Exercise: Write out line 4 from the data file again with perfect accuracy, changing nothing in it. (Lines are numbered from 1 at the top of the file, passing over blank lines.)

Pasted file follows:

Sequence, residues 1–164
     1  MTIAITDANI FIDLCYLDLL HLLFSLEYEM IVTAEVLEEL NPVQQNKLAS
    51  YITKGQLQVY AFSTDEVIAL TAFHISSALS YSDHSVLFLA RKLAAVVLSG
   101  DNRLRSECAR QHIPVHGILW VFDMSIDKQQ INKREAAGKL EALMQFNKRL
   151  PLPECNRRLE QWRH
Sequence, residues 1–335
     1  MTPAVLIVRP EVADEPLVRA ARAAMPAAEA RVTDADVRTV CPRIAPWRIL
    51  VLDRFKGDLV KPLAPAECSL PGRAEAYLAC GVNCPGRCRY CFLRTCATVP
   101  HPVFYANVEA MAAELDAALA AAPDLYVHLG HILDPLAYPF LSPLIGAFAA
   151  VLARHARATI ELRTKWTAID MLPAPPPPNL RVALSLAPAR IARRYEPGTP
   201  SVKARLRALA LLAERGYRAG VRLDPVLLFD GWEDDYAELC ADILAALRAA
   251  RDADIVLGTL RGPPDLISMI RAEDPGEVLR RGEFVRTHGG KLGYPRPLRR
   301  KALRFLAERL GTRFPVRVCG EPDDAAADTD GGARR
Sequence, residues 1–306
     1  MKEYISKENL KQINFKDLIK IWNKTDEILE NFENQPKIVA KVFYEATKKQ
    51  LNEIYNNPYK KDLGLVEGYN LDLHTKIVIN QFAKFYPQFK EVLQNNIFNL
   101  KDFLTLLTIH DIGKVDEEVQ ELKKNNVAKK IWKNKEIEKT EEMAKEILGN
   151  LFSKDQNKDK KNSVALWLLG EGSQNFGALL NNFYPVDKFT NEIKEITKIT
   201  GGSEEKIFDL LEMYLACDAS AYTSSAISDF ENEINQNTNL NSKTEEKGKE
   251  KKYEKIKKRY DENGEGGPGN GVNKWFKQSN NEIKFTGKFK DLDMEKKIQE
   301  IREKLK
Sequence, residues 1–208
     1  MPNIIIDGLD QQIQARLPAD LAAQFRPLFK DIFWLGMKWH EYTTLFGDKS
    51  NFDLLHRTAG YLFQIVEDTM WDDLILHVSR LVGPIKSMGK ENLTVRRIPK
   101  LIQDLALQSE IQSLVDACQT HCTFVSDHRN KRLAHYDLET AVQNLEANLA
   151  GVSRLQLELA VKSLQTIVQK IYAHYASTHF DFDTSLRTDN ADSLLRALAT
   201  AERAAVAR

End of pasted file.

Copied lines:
   101  DNRLRSECAR QHIPVHGILW VFDMSIDKQQ INKREAAGKL EALMQFNKRL